Then come what may be called the legal virtues — those distinctly commanded in God’s law. Such are obedience, truthfulness, justice, and love. Parents cannot too often or too earnestly remind themselves of the power of single acts often repeated to become habits, and the power of habit to aid in giving ascendency to the principles that underlie the acts. Our moral, no less than our bodily powers, are strengthened by exercise. Conscience may in early life be so disciplined as, by the Divine blessing, to become habitually tender and ready to act. The innate sense of right and wrong, the feeling of guilt and shame following on sin, the authority of God’s Word — all these the discipline of a wise training appeals to in nurturing for the Lord.

And then there are the virtues that belong more distinctly to the New Testament, and the great redemption it reveals. These are the faith and love of Jesus, the indwelling and leading of the Holy Spirit, the self-denial and holiness and humility of a Christlike life. All this is not to be only matter of teaching in the faith of the promise of the Spirit, working all unconsciously in the children; they are to be trained into it. To be temples of God through the Holy Spirit, to bear the image and be fit for the service of the Lord Jesus must, from the outset, be the aim of the Divine nurture in which we seek to bring up our children.

For such training to be successful, it is absolutely necessary that there be authority; the nurture must be in the discipline of the Lord. To this end it is not enough that the parent as the superior assert the right God has given him; the authority derived from God must become a personal possession by the influence the parent acquires over the child. The parent must prove himself worthy of his place; his ascendency will depend upon the weight of his moral character. To acquire such influence must be a matter of study and effort and prayer. All who wish to govern children not by force, but by influence, not against their will, but by means of it, not in virtue of a position in which they have been placed, but in the power of a life that proves them worthy of that position, and that secures an instinctive acknowledgment of their authority, must make not only their own duty, but especially the nature and the needs of childhood, their careful study. Only then can the education of our children become, instead of being a series of experiments and failures, that teach us wisdom when it is too late to benefit by them, the wise and well ordered commanding of our household that they may keep the way of the Lord.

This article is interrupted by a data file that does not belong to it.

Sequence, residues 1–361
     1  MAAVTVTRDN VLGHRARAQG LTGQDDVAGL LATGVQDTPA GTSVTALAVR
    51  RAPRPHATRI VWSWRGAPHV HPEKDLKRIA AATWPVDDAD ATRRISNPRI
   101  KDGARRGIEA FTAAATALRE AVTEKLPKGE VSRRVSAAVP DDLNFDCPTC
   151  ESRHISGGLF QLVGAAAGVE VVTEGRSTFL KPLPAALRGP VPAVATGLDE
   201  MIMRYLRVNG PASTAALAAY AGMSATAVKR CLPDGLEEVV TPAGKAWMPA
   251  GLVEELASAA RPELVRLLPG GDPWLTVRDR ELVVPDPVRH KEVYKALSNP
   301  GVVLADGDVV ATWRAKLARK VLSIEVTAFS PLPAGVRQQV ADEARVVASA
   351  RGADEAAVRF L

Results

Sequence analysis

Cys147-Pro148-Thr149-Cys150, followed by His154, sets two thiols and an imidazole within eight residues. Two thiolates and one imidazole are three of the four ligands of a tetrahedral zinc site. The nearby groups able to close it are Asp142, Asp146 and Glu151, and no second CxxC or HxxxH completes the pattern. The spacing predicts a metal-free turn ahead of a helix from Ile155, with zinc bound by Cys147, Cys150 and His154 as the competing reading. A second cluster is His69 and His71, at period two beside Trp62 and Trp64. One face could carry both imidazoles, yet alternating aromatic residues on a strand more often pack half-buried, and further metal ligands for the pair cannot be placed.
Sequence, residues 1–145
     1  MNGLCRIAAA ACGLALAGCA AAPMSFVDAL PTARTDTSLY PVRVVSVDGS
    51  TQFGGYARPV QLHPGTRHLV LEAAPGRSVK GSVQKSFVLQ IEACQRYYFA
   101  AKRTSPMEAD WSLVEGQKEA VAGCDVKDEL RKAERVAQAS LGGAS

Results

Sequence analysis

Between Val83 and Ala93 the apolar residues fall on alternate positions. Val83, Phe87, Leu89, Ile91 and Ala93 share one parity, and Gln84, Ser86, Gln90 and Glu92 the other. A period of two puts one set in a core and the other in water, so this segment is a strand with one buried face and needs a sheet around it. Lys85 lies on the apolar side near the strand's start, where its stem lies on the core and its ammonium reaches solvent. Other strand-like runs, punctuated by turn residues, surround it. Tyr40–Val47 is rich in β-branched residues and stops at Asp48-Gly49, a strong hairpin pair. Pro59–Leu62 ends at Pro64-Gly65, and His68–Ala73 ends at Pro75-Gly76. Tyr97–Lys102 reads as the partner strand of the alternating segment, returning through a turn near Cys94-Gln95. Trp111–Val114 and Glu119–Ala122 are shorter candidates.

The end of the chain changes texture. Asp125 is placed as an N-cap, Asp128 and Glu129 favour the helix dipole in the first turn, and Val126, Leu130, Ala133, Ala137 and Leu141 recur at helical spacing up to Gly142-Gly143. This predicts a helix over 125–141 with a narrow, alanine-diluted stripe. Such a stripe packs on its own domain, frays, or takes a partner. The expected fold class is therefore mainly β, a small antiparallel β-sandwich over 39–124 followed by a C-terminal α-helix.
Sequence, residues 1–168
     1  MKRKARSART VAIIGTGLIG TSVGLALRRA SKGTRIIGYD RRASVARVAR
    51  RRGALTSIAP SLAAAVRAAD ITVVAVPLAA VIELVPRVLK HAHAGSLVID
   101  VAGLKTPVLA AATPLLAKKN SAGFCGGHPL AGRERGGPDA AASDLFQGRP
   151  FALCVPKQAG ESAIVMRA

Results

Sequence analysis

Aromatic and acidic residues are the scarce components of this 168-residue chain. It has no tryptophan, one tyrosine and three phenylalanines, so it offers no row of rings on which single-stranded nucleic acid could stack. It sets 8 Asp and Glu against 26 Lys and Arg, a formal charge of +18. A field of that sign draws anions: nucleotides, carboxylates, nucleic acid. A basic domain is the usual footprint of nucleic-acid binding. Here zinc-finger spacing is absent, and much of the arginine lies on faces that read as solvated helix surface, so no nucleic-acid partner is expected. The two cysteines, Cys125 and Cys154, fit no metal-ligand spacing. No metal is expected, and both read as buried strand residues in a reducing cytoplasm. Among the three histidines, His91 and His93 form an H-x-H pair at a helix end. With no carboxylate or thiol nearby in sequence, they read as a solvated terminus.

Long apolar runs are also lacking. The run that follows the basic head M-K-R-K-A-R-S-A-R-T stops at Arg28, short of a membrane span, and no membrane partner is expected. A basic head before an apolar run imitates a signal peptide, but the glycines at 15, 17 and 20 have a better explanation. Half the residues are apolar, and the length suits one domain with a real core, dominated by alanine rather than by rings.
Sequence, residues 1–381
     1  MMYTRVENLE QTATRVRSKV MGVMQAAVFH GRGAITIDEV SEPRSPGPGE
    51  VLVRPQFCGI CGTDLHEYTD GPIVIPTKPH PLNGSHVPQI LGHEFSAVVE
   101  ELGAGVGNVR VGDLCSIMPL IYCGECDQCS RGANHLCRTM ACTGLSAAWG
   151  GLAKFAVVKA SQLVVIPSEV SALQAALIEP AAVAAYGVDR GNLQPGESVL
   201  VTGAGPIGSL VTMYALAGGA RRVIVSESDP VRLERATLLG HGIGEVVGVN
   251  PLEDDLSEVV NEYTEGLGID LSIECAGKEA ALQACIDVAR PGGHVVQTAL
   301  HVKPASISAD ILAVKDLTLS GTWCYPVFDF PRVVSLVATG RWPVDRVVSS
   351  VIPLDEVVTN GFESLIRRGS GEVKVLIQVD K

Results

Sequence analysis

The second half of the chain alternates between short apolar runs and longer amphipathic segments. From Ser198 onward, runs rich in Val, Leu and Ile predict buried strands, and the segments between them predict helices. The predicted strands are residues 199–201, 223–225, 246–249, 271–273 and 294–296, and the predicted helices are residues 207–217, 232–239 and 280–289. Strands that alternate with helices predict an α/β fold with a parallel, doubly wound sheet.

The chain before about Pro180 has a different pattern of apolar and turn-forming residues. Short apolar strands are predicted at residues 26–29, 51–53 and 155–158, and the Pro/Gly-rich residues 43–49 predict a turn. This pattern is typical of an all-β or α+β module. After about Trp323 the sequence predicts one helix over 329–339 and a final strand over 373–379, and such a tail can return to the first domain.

Of such influence, in which true authority has its root and strength, the secret is, a life in which we exhibit ourselves what we ask of our children. A life of childlike trust in the Father’s love, of submission to His authority, and surrender to His training, will make itself felt through the home. It will awaken our sympathy for their childlike needs and failings. It will awaken their sympathy with our teachableness of spirit and our quiet restfulness in the Divine rule. And the nurture of our children will be to ourselves and to them truly the Lord’s nurture — God’s nurturing us by means of them, that He may nurture them by means of us.

Blessed God and Father! who has appointed us Your servants to bring up our child in a training and teaching which is to be Your own, we come again with the prayer for wisdom and grace to perform our task aright. We ask of You to show us the difficulty and the sacredness of our task, to show us, too, the nearness and sufficiency of Your help. We want especially to realize that it is as we yield ourselves to Your training and teaching, and walk with You as loving, obedient children, that we shall have power to nurture them aright.

We ask for grace rightly to combine the admonition that points out the way, with the discipline that trains to walk in it. We would form our children’s character to that order and self-restraint, to that submission to law and authority, in which is the secret of happiness.